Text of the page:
On our weekly pitch show, we see companies in a wide array of industries, six-figure offers and a cringey tagline from one of the judges.
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2 min read
Entrepreneur Elevator Pitch invites ambitious entrepreneurs to step into the Entrepreneur Elevator, and then gives them just 60 seconds to pique the interest of a group of judges. It’s a high-pressure, fast-paced environment in which startup founders need to race against the clock while maintaining their composure to make a clear, deliberate pitch that covers at least three essential components:
- Defining the company
- Making the request
- Specifying what the investment money will be used for
The investors watch the pitch via a video livestream while the elevator ascends to the boardroom floor. Once the 60 seconds are up, the judges vote on whether to open the doors or send the founder back down and pass on investing.
Peter Goldberg, founder of PLG Ventures, opens this episode of Elevator Pitch by introducing our four investors: serial entrepreneur Kim Perell; Abyah Wynn, managing partner of Twenty65 Fund; Elaine Russell, co-lead of Greycroft’s Albertsons Fund; and Ross O’Brien, managing partner of Entrepreneur Select. Each of the four judges are working from their homes or offices, watching the pitches over livestream.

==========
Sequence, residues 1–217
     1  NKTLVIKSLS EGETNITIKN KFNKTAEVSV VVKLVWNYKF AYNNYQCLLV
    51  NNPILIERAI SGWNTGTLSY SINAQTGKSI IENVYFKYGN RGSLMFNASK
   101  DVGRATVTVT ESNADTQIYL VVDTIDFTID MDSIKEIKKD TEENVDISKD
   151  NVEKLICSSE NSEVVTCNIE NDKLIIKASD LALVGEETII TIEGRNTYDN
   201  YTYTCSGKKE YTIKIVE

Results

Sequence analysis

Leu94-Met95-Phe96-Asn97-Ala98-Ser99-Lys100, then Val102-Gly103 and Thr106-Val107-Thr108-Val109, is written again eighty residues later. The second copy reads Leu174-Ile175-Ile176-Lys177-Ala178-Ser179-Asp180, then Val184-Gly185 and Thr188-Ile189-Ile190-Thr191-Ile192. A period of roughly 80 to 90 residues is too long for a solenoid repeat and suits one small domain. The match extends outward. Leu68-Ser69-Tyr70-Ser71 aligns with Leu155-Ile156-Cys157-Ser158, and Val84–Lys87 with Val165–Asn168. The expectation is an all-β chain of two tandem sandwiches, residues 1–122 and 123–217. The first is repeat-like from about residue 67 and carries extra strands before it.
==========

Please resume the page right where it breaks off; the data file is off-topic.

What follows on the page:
We begin this episode with Julie Poitras-Saulnier and David Cote, the co-founders of Loop Mission, who present an effective pitch that hits on several important aspects of the business. Perhaps the most important, as Perell notes, is the company’s finances. Loop’s revenue has doubled annually, leading to $10 million in revenue in 2020 and a valuation of $30 million. Wynn notes that what jumped out to her was the company’s mission, which is to reduce food waste in North America by building factories within industry plants to use rejected produce to create cold-press juices, soaps and more.
Will the pitch be enough to entice any of the four investors into hearing more? And if so, how can the Loop Mission co-founders convince the judges to offer the $3 million they’re seeking?
Next comes a pitch from a company seeking to become the IMDB of sports. The only problem? Three of the four judges on today’s panel believe this sort of industry is outside their wheelhouse. Will Ryan Rottman and OSDB Sports find a buyer with the one remaining investor?
Watch now to find out and see more great pitches.